Ryan Lester is the Conservative Party candidate for Toronto Centre and his website said he wants to ”bring together everyone who believes in a balance between fiscal responsibility, progressive social policy and individual rights and responsibilities.”
In the XU Votes’ Toronto Centre candidates’ debate, Lester said “the conservative plan will provide direct benefits to parents so they can make the best choice for their own families.”
Lester, a graduate of Ryerson’s public administration and governance program, said in his platform that he values LGBTQ2 equality. In the XU Votes’ Toronto Centre candidates’ debate, Lester said he was “very happy to see that the school is embarking on its next chapter to find a new name.”
“[Lester] knows that creating safer and more inclusive spaces for LGBTQ2+ people in Canada happens in our homes, workplaces and in our own communities through the conversations that we have every day,” his website reads.
He also advocates for truth and reconciliation and wants to “empower” Indigenous communities.
Lester has been a director for Pride Canada, Egale Canada and for the AIDS Committee of Toronto (ACT).
Syed Jaffery – People’s Party of Canada (PPC)
Syed Jaffery, the People’s Party candidate for Toronto Centre, began his political career as a student leader and gained experience by volunteering with party candidates during their run for office.
Jaffery’s website describes him as “passionate about our policies for a stronger economy and Indigenous rights.”
According to the People’s Party of Canada’s (PPC) website, they are looking to combat affordable housing in Toronto by “modify[ing] the Bank of Canada’s inflation target from 2 per cent to 0 per cent.”
They will also “stop funding social houses, which unfairly competes with private developers and has historically been a financial, social and urban planning disaster in every city where it’s become widespread.” Social houses are government-assisted housing that include lower-cost rental units.
The PPC’s platform is similar to the one put forward in 2019 and would phase out all pandemic spending programs, eliminate all funding for multiculturalism and abandon environmental initiatives. According to The Canadian Press, the PPC would withhold funding for post-secondary institutions that “violates the freedom of expression of its students or faculty.”
Ivan Byrad – Communist Party of Canada
Ivan Byrad, the Communist Party candidate in Toronto Centre, is the general secretary of the Young Communist League of Canada and has actively been fighting for workers’ rights, one being the “Fight for $15 and Fairness” campaign. Through this campaign, he advocated for raising the minimum wage and climate justice issues, among others.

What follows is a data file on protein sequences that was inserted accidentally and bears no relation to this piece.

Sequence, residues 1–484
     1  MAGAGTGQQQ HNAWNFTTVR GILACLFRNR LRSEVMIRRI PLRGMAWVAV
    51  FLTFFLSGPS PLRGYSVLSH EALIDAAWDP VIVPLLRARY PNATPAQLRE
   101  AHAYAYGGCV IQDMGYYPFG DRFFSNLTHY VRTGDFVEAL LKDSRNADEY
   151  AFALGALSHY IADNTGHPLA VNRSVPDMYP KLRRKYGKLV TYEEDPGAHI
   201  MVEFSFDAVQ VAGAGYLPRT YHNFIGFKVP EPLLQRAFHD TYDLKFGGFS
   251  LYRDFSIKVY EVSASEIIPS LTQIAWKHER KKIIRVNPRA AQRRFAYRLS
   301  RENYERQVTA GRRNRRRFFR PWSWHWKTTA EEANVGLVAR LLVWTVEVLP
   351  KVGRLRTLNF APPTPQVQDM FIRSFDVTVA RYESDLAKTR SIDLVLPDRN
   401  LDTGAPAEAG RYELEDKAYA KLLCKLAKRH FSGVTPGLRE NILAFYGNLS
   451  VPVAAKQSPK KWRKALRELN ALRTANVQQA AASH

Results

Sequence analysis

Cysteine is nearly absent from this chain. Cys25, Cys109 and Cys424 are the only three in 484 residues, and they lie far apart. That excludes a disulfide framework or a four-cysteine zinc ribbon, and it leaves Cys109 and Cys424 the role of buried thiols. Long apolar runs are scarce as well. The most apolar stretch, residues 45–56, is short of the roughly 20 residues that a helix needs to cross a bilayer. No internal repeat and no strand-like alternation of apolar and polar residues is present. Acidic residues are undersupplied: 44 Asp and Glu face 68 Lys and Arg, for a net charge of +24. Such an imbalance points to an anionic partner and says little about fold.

According to Byrad’s website, he is ready to advocate for the “complete elimination of tuition and related fees for all levels of education, from early learning and childcare all the way to post-graduate studies.”
According to the Communist Party’s website, they are looking to “act to halt climate change” by substantially expanding urban transit, including eliminating fares and imposing heavy fines and jail time for corporate polluters.
The party would also look to “adopt an independent Canadian foreign policy of peace and disarmament, cut military spending by 75 per cent, oppose the upgrading of NORAD, and withdraw from NATO and NORAD” immediately.
The Communist Party would further advocate for universal pharmacare and “reduce drug overdose deaths with harm reduction and ‘safe supply’ policies.”
Peter Stubbins – Animal Protection Party of Canada
Peter Stubbins, the candidate for the Animal Protection Party in Toronto Centre, completed a physiotherapy degree at the University of Toronto in 1984 and worked in the field for 36 years. He also completed a five-year program in osteopathy while working in the physiotherapy field.
According to the Animal Protection Party’s platform, they support universal health care being expanded to “include dental care, eye care and drugs, and [a system] that treats and supports people in crisis with such issues as addiction and mental health.”
Stubbins’ website also said he has a clear understanding of how to save money in the healthcare system by instead using it for mental health issues, for the youth and for frail elderly care.
The Animal Protection Party also has various proposals regarding climate change, including immediately implementing an aggressive carbon pricing mechanism, imposing tariffs on goods from nations that do not have carbon pricing measures as aggressive as Canada’s; subsidies for the development of alternative energy and more.
“Taking care of the planet will take care of people,” Stubbins’ website reads.
Students can visit Elections Canada’s website for information regarding registering to vote as well as details about voting by mail or at advance polling stations. Election day is on Monday, Sept. 20.